Rational Regulatory Environment Critical to Dairyland’s Success
Each year, during June Dairy Month we celebrate Wisconsin’s proud tradition and heritage in producing delicious dairy products. But where would our state’s top industries be if regulators in Washington, D.C. were reaching all the way across the nation to control daily farming practices, with a one-size fits all attitude and without regard to local needs? As Attorney General, I work every day to protect our state’s sovereignty and ensure Wisconsin industries, like agriculture and manufacturing, are not impeded by overzealous federal regulations.
In 2015, the Obama Administration published an Environmental Protection Agency (EPA) rule that would have drastically expanded federal authority to regulate natural resources in Wisconsin, including any body of water, such as isolated streams, hundred-year floodplains, and even roadside ditches. Commonly known as WOTUS, or waters of the United States, this regulation would have crippled the agriculture industry in Wisconsin, requiring federal permits for farmers to do daily activities on their farm.
To protect Wisconsin farmers from this federal overreach, I challenged this rule in court. As a result, a federal court stopped the rule from being implemented while Wisconsin and a coalition of other states sued the EPA for this overreach. Once sworn into office, President Trump agreed to review the rule.
In response to the President’s agreement to review the rule, I led a coalition of 20 state attorneys general in requesting the EPA preserve the role of the states in protecting the nation’s water sources, and maintaining Wisconsin’s role as the primary regulator of land and water within our state’s borders. I also asked the EPA to seriously consider the active role each state already plays in safeguarding its waterways. The people of Wisconsin don’t need Washington, D.C. controlling them, we know what is best for our state.
I am excited to announce that in late June of this year, EPA Administrator Scott Pruitt announced the EPA is officially considering repealing the WOTUS rule. Such a repeal would ultimately provide relief to our state, citizens, and leading industries, which is why in the coming months, I will be working to inform the EPA how Wisconsin’s role in regulating its own land and water is sufficient.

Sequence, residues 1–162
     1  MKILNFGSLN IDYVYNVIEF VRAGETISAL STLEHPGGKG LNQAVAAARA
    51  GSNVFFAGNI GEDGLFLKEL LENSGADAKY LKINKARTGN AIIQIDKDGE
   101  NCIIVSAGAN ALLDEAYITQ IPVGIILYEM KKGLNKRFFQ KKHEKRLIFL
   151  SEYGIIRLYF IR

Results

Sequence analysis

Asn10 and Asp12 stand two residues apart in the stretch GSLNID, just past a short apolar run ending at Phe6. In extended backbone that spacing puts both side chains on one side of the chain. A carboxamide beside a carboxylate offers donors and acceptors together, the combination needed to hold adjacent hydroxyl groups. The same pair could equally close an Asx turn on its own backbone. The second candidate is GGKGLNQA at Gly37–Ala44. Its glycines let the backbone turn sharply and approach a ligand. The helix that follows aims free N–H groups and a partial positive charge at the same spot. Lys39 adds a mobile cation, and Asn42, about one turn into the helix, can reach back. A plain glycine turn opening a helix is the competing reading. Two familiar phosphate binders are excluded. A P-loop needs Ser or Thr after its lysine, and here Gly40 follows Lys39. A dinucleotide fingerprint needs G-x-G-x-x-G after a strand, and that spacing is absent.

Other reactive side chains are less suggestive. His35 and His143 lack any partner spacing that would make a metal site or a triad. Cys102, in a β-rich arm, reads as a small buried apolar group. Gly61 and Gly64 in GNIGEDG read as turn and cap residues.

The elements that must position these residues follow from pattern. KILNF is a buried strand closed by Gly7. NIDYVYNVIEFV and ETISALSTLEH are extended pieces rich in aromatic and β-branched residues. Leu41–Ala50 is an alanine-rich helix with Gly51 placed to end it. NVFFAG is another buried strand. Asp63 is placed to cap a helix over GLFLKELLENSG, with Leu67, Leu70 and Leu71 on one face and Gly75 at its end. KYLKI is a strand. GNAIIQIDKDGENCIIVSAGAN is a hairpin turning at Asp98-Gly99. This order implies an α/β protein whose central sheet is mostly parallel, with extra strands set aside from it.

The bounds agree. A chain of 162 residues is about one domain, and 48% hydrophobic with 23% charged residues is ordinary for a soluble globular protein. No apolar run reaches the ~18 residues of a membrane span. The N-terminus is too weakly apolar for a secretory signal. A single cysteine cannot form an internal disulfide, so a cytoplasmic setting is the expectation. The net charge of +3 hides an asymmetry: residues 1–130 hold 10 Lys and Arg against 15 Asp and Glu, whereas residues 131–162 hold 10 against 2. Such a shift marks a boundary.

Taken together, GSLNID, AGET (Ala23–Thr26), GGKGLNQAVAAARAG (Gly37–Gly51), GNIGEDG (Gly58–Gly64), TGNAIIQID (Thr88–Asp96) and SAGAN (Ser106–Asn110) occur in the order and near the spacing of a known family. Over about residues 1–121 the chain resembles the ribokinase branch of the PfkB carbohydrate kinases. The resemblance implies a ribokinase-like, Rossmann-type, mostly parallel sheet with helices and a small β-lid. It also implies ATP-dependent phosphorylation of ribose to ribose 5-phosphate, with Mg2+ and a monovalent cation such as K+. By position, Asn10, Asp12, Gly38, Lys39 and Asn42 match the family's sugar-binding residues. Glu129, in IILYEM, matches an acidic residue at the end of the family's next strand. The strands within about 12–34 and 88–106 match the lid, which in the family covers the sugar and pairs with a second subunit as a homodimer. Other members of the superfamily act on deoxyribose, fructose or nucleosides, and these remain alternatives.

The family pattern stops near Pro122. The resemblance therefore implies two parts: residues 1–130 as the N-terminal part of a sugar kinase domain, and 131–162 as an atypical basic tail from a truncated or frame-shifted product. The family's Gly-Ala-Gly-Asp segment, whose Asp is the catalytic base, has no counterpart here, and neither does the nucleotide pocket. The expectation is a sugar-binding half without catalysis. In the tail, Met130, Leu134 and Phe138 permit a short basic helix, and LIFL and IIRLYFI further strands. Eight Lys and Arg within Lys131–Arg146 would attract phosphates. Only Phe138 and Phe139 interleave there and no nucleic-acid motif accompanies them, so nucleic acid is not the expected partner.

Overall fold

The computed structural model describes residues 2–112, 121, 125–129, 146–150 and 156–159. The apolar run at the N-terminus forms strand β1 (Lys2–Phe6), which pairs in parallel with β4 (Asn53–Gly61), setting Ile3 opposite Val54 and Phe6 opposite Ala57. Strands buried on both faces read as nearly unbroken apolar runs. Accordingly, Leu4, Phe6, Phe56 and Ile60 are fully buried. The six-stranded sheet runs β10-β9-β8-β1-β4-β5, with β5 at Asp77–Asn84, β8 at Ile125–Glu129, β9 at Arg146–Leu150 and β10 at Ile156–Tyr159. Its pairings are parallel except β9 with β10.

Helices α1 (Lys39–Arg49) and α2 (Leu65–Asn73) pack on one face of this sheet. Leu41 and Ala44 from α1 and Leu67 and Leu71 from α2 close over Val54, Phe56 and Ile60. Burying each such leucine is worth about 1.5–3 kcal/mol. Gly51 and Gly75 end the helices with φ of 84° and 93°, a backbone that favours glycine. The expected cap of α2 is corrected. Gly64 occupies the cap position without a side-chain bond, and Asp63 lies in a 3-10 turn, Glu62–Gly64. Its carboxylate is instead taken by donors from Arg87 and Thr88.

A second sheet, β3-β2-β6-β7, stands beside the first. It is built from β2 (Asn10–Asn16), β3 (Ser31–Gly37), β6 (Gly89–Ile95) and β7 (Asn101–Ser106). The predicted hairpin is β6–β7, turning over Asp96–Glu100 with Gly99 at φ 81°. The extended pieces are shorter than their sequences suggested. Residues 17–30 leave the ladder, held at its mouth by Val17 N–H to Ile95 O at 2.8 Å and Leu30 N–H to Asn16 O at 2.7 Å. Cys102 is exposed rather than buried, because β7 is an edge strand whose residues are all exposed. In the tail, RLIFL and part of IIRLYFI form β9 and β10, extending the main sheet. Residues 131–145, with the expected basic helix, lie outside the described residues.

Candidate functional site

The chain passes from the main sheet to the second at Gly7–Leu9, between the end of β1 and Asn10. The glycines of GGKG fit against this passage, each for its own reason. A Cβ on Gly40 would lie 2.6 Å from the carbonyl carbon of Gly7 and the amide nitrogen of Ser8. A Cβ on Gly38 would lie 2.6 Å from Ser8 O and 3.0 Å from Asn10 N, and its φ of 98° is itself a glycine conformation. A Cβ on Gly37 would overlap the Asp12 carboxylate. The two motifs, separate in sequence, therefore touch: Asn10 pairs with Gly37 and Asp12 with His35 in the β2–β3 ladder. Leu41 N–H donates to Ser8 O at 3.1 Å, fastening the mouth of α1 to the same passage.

As your Attorney General, I am fighting for America’s Dairyland, and making sure that the Wisconsin agriculture industry can operate in a stable and rational regulatory environment so our farmers can do the important work of feeding America.
Working to Uphold the Congressional Review Act
As we’ve seen time and time again, many federal rules cause unjustifiable harm to the states, including Wisconsin.
Earlier this month, I led a group of state attorneys general, with Georgia Attorney General Chris Carr, to file a proposed friend-of-the-court brief in the United States District Court for the District of Alaska in the case of Center for Biological Diversity v. Ryan Zinke and Department of the Interior, defending the constitutionality of the Congressional Review Act.
The Congressional Review Act allows states to work with Congress to stop unlawful and burdensome regulations. We are urging the Court to uphold the constitutionality of the Congressional Review Act and preserve this important procedural tool for states to use.
State attorneys general from Alabama, Arizona, Arkansas, Georgia, Indiana, Kansas, Louisiana, Missouri, Nebraska, Nevada, Oklahoma, South Carolina, Texas, and Utah joined Wisconsin in filing the amicus brief.